We have had two instances this week where thinking more about risk rather than potential profits has proved beneficial to us.
The first example is APR Energy. As we can see from the chart below, this had a decent run up in the early part of the year, before consolidating over the last 2-3 months, where volatility contracted. This was therefore a stock that we had identified as a possible set up to trade.
Those who got into the trade saw the the breakout quickly failed, and by using our aggressive stop methodology, took the small loss, and moved on.
A lot of traders would easily get frustrated by closing out a position for a small loss. This is something we do on a regular basis - you can see here all the small losses we clock up. But this is all part of our overall philosophy – keep the losses as small as possible.
Trend following as a basic approach generally has a win rate well below 50%. Just on that basis, it will not suit a lot of people, as they attempt to seek comfort from a high win rate.
In his book Dairy of a Professional Commodity Trader, Peter Brandt had an interesting take on this which he summarised very well:
“There is no margin of error in the approach that needs to be right 70 percent of the time to produce its expected results.What happens if the 70 percent approach had a bad year?
Professional traders recognize the inherently superior risk management profile of the 30 percent approach. The 30 percent approach intrinsically has a built in margin for error. In fact, the 30 percent approach assumes that most trades will be losers. Every approach has good times and bad times. The expectation of bad times needs to be built into the equation"
As trend followers, we are happy to accept that most trades will be losers - keeping them as small as possible helps the overall expectancy of our approach. In this particular example, we can clearly see the benefit of doing this – the stock paused before starting to accelerate to the downside and then a big gap down following the release of a trading update.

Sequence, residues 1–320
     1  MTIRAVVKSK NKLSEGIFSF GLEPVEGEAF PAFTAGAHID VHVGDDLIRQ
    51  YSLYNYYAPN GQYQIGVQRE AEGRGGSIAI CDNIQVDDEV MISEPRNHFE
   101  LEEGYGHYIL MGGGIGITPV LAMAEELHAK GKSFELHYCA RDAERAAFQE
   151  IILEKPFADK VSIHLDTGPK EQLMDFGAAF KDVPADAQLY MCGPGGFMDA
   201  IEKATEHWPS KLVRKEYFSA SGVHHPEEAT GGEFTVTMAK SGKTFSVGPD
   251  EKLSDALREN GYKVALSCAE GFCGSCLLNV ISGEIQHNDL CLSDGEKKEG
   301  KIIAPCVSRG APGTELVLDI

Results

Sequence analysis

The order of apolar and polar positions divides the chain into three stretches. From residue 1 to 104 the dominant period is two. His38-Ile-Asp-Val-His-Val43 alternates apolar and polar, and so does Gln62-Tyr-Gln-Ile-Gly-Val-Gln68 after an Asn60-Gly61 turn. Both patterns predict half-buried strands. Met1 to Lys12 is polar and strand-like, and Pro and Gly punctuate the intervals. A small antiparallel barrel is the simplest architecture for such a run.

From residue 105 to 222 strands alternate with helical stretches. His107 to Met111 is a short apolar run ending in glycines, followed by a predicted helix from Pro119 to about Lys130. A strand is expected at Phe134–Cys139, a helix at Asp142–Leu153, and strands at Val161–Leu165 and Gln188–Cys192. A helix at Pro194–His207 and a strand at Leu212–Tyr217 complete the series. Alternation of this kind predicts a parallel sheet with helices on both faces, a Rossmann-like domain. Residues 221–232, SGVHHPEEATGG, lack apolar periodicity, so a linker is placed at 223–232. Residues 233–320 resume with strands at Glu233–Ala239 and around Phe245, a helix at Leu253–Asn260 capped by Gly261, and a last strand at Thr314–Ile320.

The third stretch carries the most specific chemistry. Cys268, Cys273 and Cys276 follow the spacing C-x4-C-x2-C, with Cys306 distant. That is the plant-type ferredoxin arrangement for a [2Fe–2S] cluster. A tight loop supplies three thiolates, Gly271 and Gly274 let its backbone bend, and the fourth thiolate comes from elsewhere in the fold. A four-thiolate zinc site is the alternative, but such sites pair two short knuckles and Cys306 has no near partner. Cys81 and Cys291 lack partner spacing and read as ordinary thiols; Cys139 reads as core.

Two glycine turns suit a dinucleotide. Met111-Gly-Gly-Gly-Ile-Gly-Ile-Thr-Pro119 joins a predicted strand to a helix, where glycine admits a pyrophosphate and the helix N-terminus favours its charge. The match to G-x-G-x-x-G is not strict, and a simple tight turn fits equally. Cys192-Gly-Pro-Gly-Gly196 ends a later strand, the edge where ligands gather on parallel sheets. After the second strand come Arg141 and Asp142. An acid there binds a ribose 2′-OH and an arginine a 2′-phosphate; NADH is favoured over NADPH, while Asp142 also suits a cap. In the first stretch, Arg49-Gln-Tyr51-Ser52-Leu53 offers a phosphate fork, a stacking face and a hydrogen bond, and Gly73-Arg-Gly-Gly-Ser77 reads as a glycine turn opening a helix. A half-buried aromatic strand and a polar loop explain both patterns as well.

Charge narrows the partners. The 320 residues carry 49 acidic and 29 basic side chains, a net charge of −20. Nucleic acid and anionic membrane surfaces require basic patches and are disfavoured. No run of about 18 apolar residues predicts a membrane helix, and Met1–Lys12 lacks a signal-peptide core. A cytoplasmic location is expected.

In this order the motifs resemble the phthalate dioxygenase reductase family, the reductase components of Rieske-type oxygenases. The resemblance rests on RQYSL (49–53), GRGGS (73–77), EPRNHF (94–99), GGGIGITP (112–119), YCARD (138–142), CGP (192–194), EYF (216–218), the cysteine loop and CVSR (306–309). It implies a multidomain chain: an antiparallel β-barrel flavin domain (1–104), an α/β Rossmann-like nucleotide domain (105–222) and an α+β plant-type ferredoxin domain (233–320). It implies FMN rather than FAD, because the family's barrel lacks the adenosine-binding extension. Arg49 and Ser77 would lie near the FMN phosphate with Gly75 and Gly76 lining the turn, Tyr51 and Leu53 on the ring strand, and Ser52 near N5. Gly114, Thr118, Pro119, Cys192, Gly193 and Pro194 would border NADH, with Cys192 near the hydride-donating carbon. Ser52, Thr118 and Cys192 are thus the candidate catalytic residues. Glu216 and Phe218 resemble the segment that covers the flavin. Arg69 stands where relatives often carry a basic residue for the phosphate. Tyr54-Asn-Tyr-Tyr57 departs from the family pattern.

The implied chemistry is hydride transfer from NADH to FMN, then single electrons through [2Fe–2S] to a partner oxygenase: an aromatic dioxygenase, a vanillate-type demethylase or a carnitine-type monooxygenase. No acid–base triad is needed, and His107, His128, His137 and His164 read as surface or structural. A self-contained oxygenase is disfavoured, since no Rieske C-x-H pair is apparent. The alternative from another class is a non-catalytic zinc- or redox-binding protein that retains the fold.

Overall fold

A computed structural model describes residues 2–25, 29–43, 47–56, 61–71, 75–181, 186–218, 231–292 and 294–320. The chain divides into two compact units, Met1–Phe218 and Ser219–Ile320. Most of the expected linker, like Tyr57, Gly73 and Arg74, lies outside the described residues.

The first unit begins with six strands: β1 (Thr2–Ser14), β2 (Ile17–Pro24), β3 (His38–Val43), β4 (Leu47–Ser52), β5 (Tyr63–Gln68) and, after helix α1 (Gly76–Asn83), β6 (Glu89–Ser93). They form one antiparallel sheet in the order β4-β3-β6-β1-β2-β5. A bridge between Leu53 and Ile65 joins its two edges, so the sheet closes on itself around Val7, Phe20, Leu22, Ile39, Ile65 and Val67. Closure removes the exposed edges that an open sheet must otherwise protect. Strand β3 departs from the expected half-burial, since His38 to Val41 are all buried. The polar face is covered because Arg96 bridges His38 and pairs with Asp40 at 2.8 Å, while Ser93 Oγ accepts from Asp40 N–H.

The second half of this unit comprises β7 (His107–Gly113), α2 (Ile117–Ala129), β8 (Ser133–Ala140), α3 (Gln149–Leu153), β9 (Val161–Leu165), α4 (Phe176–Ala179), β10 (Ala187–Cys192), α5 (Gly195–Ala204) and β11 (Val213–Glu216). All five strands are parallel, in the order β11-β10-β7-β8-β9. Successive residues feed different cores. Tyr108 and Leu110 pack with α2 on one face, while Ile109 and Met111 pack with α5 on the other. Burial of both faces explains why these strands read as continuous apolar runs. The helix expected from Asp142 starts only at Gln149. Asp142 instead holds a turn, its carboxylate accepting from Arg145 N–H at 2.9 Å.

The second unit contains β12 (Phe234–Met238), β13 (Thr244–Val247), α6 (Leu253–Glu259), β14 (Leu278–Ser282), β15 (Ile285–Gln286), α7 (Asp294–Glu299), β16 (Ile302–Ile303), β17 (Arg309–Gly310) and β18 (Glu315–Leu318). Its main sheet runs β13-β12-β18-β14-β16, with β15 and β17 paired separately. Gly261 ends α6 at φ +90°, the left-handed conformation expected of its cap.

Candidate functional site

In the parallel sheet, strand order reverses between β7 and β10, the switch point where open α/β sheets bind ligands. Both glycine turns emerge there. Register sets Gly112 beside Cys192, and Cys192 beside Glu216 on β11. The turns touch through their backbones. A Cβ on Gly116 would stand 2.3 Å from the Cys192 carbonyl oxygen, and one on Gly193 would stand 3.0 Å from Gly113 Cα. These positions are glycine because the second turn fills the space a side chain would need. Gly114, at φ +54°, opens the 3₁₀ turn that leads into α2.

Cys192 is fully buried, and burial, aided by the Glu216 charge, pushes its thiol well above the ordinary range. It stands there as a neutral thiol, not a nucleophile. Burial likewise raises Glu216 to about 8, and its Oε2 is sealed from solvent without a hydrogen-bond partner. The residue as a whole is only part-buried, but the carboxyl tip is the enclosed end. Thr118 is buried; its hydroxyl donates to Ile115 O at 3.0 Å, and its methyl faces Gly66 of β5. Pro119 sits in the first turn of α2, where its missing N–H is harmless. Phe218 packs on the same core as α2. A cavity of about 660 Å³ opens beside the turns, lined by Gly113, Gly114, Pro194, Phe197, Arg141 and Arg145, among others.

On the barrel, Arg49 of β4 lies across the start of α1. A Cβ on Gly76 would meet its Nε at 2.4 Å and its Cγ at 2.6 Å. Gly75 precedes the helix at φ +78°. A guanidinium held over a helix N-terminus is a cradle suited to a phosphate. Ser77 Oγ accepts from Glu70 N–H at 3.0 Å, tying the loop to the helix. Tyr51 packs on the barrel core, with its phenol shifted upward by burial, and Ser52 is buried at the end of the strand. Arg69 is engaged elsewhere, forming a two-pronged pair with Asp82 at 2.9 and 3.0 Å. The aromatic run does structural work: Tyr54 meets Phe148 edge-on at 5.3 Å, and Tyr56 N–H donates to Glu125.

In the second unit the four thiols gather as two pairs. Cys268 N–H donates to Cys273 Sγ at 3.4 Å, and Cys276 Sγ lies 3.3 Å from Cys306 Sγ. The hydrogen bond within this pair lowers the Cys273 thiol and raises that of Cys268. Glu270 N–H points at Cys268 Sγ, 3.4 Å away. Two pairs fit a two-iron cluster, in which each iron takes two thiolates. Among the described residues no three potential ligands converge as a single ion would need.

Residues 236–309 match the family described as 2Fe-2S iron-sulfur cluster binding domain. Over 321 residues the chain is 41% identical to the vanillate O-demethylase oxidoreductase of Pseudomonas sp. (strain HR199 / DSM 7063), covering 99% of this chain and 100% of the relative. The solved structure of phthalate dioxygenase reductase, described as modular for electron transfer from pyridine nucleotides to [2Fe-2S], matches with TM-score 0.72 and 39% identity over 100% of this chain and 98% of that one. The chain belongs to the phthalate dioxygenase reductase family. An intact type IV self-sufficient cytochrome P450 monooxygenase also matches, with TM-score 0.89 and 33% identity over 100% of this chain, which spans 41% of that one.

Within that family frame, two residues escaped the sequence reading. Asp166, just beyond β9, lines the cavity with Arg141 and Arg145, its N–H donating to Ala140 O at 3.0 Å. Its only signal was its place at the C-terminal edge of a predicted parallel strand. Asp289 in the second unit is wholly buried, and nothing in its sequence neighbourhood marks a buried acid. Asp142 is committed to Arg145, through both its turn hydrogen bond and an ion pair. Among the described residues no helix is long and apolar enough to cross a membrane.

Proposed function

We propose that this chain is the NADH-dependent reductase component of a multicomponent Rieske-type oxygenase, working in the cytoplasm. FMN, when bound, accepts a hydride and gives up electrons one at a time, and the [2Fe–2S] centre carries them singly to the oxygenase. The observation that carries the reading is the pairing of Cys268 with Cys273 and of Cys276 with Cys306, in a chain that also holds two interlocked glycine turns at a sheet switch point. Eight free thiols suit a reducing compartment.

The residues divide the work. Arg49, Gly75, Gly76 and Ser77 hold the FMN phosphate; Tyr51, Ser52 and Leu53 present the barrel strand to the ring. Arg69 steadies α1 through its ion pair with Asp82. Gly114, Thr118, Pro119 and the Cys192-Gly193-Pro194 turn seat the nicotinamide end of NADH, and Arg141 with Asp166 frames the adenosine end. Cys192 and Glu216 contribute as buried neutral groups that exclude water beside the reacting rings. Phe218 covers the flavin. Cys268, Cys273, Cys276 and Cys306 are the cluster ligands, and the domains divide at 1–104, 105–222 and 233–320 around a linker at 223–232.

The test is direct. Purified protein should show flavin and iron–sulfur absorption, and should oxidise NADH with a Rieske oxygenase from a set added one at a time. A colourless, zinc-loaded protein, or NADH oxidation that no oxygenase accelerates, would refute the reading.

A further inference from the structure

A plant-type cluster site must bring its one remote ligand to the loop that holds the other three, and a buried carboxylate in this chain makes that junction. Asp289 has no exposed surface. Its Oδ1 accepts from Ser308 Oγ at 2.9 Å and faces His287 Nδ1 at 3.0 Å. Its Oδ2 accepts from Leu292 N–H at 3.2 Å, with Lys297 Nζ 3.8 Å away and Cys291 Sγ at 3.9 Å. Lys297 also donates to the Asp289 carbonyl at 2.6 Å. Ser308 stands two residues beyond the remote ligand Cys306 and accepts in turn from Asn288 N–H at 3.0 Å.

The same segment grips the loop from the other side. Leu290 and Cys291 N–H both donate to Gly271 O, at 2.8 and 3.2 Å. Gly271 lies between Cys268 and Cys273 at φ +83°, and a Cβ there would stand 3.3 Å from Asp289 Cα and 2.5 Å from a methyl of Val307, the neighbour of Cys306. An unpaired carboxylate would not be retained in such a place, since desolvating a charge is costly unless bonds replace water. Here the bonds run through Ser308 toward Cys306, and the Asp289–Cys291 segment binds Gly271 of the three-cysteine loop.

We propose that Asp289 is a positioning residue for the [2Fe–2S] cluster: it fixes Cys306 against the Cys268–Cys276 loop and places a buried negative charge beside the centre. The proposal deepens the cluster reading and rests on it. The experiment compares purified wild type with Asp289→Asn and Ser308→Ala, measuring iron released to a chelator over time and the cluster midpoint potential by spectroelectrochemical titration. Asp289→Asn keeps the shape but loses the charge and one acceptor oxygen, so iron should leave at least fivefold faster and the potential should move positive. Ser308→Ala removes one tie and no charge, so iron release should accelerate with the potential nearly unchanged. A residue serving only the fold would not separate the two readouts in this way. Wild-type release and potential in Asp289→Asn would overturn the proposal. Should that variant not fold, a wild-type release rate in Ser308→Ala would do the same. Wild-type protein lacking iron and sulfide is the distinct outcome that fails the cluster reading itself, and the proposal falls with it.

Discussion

This is the classic example where taking the small loss when it was available was absolutely the right thing to do. We have no emotional attachment to a position, and want to avoid 'hoping' that we don't have to take another small loss, and hold on for price to turn back in our favour. No, we want to eliminate the possibility of a small loss increasing, and possibly turning into a far greater loss. Had you held on to this trade, then following the gap down you'd have been looking at a loss in the region of -4R.
The second is Bankrate Inc (chart below), which had been earmarked as a possible set up a few weeks back. And, earlier this week, the stock did break out and move up quite smartly for a couple of days. However, by now we had no interest in taking a position, even though it met all our basic criteria. The reason for not taking the trade? We have a rule to automatically avoid opening new positions where the company has a scheduled earnings release due imminently.
The result? A big gap down on the open on Thursday after that earnings release.Had you taken that trade, then on the close Wednesday, you would have been +2.4R. The next morning, that would have turned into a loss of -4R on the open.
My own attitude to this is that putting on a trade when earnings are imminent is not trading, its gambling. In such a situation, where is your edge? And for each time you may get lucky and profit from a gap in your favour, there are just as many where they gap against you.
In keeping with my approach to control what I can control, I simply forego the possibility of benefiting from a gap in my favour, so that I can try and eliminate the possibility of suffering a price gap against me.
Avoiding these kinds of trades and results can help you to control your risk, which helps keep your emotions under control, an also helps to keep your equity as large as possible.
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